Flat Screen TVs Worse For Climate Than a Big Coal Plant

And not just because of all the people sitting there using electricity and eating corn chips. 4,000 tons of nitrogen triflouride is used each year in the production of flat screen TVs and monitors. Michael Prathner of the Environment Institute of the University of California in Irvine claims that the stuff is 17,000 times as potent a greenhouse gas as carbon dioxide, and writes in Geophysical Research Letters that it has "a potential greenhouse impact larger than that of the industrialised nations' emissions of perflourocarbons (PFCs) or sulfur hexaflouride (SF6), or even that of the world's largest coal-fired power plants". It survives in the atmosphere for 550 years, and if this year's supply got out, it would be equivalent to 67 million tonnes of CO2.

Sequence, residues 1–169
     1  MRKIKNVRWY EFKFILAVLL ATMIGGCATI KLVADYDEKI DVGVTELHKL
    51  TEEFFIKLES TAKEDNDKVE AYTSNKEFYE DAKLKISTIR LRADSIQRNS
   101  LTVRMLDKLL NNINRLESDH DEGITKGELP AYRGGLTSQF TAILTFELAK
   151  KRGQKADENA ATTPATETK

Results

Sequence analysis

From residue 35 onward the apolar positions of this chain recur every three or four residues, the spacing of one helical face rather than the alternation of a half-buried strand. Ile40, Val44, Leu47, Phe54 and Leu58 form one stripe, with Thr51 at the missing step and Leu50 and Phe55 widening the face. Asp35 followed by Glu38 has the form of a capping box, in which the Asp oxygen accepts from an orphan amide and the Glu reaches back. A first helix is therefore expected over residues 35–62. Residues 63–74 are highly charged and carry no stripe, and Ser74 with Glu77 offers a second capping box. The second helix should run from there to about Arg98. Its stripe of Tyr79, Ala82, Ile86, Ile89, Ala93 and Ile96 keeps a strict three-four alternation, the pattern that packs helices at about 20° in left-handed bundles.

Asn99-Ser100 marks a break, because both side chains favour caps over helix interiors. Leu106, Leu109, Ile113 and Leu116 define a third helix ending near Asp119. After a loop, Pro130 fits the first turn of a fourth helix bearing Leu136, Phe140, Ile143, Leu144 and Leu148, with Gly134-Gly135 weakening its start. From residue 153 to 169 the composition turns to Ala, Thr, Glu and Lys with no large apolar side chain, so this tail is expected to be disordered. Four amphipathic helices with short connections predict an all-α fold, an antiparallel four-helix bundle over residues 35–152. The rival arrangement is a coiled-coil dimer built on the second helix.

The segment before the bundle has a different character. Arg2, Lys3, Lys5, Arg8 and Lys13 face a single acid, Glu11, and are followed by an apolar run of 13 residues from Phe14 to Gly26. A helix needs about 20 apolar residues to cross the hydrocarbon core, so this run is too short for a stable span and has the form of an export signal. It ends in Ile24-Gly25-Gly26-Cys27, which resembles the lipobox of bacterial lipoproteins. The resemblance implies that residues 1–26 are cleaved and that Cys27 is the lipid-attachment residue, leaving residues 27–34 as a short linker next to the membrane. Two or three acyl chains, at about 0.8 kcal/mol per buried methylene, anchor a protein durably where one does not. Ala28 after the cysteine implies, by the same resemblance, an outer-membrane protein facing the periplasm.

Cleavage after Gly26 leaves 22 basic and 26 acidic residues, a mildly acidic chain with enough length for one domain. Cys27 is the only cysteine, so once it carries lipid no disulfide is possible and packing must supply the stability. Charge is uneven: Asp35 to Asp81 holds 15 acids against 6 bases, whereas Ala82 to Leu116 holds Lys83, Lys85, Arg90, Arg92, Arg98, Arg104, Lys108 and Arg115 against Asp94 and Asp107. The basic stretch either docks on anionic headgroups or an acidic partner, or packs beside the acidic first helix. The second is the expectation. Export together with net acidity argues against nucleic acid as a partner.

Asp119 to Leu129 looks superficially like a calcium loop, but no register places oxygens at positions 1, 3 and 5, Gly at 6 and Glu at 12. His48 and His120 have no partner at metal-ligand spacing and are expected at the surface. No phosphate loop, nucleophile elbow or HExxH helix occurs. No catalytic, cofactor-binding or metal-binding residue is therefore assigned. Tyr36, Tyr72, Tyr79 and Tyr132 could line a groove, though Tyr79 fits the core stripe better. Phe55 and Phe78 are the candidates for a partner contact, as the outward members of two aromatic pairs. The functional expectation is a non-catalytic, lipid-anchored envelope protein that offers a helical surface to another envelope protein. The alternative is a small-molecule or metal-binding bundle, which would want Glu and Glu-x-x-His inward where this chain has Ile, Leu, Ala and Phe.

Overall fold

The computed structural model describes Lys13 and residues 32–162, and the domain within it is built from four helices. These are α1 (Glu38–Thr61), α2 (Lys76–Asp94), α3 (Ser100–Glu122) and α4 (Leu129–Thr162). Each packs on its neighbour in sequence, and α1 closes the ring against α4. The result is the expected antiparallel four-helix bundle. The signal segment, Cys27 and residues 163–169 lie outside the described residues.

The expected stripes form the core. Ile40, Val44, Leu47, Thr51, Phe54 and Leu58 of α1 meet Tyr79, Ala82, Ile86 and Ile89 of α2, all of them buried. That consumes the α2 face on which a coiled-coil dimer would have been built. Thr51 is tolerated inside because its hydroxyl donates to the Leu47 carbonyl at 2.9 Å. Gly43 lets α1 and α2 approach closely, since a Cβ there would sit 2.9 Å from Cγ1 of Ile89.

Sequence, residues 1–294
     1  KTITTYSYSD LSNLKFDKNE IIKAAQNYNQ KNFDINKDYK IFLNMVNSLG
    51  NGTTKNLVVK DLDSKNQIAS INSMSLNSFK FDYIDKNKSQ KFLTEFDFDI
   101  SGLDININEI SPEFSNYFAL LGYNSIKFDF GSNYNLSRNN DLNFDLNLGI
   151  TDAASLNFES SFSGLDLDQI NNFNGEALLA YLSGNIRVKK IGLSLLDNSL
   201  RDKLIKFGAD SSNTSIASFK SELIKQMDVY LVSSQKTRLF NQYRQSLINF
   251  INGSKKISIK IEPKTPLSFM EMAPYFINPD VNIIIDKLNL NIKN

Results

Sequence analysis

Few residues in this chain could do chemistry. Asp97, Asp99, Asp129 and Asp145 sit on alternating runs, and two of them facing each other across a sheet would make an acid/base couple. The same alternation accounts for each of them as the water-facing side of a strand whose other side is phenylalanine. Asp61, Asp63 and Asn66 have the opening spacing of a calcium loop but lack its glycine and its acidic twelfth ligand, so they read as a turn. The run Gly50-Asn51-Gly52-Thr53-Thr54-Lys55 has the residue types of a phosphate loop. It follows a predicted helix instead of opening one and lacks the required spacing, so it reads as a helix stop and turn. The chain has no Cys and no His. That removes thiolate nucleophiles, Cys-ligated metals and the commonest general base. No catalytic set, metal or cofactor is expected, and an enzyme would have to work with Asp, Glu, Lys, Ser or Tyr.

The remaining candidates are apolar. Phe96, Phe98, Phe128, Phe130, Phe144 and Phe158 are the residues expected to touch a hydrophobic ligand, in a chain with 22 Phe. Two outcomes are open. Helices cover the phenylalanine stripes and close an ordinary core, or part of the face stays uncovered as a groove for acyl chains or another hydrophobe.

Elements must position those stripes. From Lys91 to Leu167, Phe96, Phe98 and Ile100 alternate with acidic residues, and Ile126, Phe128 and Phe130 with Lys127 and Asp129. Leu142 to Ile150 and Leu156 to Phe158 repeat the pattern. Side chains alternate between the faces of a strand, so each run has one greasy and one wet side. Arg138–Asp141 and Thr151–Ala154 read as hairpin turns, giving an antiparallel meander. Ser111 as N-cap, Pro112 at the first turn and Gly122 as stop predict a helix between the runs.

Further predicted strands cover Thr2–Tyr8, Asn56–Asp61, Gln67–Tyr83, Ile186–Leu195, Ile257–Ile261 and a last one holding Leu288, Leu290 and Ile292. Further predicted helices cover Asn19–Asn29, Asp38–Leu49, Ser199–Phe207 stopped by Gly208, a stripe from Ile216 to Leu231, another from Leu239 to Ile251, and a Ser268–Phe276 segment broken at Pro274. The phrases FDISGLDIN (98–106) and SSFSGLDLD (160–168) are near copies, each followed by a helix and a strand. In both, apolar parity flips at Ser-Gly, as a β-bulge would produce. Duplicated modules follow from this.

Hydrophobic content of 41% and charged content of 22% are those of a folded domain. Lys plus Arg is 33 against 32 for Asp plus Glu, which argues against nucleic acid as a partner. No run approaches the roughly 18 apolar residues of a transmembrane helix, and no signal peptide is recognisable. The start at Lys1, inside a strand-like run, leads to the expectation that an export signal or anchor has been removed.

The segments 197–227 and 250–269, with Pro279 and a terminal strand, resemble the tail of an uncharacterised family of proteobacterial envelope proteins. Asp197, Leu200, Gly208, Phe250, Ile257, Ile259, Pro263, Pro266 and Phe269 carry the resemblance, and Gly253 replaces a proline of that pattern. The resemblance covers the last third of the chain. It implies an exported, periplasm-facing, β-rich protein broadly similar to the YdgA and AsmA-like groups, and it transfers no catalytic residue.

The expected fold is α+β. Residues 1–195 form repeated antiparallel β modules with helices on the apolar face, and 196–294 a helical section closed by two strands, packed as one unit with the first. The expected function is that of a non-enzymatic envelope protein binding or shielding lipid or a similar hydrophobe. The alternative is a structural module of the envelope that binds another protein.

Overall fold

''Nitrogen trifluoride can be called the missing greenhouse gas. It is a synthetic chemical produced in industrial quantities, it is not included in the Kyoto basket of greenhouse gases, or in national reporting under the United Nations Framework Convention on Climate Change,'' Professor Prather said in the Sentinel.
''Nitrogen trifluoride can be called the missing greenhouse gas. It is a synthetic chemical produced in industrial quantities, it is not included in the Kyoto basket of greenhouse gases, or in national reporting under the United Nations Framework Convention on Climate Change,'' Professor Prather said in the Sentinel.

The industry says that only 2% of it gets out, but Prather doesn't believe them. The stuff isn't even indispensable; Toshiba avoids using it. Another good reason not to watch TV. ::Guardian and ::Sentinel
Plasma and LCD TVs:
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Plasma TVs Suck (Electricity)
Lifehacker Tip: Buy the Right Size TV
Top Energy Efficient Telelvisions
Televisions Will Consume More Energy Than a Fridge

Tags: Chemicals